Michael J. Astrue, Commissioner of Social Security, today announced that the agency is adding 38 more conditions to its list of Compassionate Allowances. This is the first expansion since the original list of 50 conditions - 25 rare diseases and 25 cancers - was announced in October 2008.
The new conditions range from adult brain disorders to rare diseases that primarily affect children. The complete list of the new Compassionate Allowance conditions is attached.
Maintaining the spark in a years-long relationship has its challenges. Particularly in this day and age, spouses sometimes only see each other for a few hours a day between work, meetings, kids and other obligations.
Letting your relationship languish can have dire consequences. The worst-case scenario might be separation, but even if things don't go that far, partners can start to feel alienated, alone and unloved. Problems really start when frustration builds up but doesn't get voiced and when subjects that are hard to talk about are left unattended.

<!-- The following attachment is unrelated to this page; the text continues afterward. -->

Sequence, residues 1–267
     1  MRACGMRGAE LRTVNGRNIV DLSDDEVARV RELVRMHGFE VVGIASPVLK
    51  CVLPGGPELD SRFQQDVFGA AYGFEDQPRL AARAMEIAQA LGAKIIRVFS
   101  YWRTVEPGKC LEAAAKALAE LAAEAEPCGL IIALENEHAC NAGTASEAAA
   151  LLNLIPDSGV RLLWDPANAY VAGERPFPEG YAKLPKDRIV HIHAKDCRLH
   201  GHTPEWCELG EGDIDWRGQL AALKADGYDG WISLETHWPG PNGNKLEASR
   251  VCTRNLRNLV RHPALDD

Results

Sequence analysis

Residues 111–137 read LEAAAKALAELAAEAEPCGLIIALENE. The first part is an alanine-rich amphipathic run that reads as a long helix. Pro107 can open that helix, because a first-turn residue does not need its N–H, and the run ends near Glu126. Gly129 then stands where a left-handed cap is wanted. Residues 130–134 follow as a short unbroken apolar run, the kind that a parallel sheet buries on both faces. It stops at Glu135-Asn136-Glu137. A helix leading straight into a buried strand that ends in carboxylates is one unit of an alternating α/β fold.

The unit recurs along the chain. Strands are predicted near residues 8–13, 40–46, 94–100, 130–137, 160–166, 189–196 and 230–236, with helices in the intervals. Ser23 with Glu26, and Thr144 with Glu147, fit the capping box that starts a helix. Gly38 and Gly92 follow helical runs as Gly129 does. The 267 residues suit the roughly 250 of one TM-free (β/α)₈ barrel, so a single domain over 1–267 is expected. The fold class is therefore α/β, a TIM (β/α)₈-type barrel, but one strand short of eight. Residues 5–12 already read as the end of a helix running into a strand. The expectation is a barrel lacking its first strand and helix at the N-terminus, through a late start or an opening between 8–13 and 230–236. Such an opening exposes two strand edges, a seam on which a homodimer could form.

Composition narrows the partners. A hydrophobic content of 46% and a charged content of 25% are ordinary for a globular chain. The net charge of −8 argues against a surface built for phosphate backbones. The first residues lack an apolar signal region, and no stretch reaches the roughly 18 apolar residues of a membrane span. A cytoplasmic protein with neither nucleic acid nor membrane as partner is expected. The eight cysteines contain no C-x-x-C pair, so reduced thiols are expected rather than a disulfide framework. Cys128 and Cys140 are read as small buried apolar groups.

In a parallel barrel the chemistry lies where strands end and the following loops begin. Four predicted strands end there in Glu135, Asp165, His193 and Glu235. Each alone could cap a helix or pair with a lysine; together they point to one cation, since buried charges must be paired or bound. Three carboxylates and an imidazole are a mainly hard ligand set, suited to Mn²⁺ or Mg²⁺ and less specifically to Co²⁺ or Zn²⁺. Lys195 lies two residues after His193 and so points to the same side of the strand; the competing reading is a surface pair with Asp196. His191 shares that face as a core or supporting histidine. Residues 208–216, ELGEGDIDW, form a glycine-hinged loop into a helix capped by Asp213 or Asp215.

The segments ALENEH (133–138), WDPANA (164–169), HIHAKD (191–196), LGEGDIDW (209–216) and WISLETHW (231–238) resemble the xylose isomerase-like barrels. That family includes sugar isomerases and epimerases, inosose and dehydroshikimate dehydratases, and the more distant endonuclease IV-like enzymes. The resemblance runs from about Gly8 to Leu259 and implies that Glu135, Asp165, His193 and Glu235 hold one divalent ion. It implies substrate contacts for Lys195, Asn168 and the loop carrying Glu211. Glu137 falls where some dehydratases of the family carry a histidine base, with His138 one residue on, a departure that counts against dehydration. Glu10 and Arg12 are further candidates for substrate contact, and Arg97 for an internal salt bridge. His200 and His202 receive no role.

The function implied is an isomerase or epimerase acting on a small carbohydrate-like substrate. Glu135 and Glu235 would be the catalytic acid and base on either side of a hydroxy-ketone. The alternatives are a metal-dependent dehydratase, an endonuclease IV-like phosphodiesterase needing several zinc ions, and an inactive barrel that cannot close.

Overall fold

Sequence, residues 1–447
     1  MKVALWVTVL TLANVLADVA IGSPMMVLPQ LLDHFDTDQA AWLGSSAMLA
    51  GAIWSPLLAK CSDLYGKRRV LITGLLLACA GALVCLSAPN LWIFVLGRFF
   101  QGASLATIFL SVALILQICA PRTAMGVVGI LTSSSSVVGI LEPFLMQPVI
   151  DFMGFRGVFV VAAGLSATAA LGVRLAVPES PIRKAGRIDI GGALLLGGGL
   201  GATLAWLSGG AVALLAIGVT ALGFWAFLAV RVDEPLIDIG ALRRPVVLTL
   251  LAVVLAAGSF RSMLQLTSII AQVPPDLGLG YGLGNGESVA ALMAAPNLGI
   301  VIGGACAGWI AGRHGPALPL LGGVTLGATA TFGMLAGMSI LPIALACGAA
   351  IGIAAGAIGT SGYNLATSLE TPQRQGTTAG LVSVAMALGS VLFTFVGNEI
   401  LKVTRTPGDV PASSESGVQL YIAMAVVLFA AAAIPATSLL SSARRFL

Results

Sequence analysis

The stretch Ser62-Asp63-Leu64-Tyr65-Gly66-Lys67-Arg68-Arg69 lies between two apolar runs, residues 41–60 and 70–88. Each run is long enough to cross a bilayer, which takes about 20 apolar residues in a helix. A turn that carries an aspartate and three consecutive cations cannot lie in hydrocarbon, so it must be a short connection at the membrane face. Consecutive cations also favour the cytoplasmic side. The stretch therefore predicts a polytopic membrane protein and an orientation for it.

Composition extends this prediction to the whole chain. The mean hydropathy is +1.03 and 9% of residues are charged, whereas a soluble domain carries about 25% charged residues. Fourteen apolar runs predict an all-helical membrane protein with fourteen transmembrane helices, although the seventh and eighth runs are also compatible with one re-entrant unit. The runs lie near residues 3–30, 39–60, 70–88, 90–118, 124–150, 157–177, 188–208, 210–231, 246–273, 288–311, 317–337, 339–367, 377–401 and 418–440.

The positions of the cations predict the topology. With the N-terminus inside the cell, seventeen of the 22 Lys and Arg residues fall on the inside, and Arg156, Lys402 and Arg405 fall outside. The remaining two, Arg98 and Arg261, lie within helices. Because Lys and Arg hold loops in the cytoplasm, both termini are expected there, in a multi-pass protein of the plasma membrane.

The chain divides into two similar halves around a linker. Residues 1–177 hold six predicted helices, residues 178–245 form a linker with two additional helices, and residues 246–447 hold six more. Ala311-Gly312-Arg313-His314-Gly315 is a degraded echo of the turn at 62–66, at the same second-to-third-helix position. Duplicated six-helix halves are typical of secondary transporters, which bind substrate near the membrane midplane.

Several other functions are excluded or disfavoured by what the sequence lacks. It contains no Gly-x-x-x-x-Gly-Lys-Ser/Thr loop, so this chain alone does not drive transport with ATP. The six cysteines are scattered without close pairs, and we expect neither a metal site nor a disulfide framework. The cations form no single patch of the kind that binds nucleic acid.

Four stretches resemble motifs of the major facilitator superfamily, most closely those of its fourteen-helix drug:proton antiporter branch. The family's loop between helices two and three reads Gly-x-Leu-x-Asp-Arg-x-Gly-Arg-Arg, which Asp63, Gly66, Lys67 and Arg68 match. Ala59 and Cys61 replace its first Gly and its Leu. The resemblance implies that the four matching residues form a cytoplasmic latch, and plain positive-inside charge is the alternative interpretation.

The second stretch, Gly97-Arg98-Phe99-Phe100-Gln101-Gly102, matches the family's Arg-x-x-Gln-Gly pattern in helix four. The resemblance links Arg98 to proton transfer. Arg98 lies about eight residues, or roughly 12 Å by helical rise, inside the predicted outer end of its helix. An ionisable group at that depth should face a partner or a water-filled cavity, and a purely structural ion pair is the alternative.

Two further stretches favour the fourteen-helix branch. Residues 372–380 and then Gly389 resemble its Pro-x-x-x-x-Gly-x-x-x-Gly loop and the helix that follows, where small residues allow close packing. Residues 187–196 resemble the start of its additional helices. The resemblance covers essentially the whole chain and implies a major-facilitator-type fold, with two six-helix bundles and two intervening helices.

The Broward County Commission recently approved a $171,495 agreement with Health Foundation of South Florida to implement evidence-based health programming with at least 900 older adults beginning in January 2010. Specifically, the County's Elderly and Veterans Services Division will be implementing the Living Healthy, EnhanceFitness and Healthy IDEAS programs.
Living Healthy, developed by Stanford University, is a six-week program which offers workshops geared toward enabling older adults to build self-confidence and assume a major role in maintaining their health and managing chronic health conditions.
Getting older is not easy, especially when it comes to making sure your body is healthy. Doctors probably have you watching your weight, your cholesterol and other health vitals in every effort to make sure you have a happy and full life.
But there are conditions that many times do not get mentioned during visits to the doctor because they often don't exhibit any symptoms until it's too late. One such "silent killer" is an abdominal aortic aneurysm (also known as "AAA"). Today, it's estimated that more than one million people are living with an AAA, and don't even know it.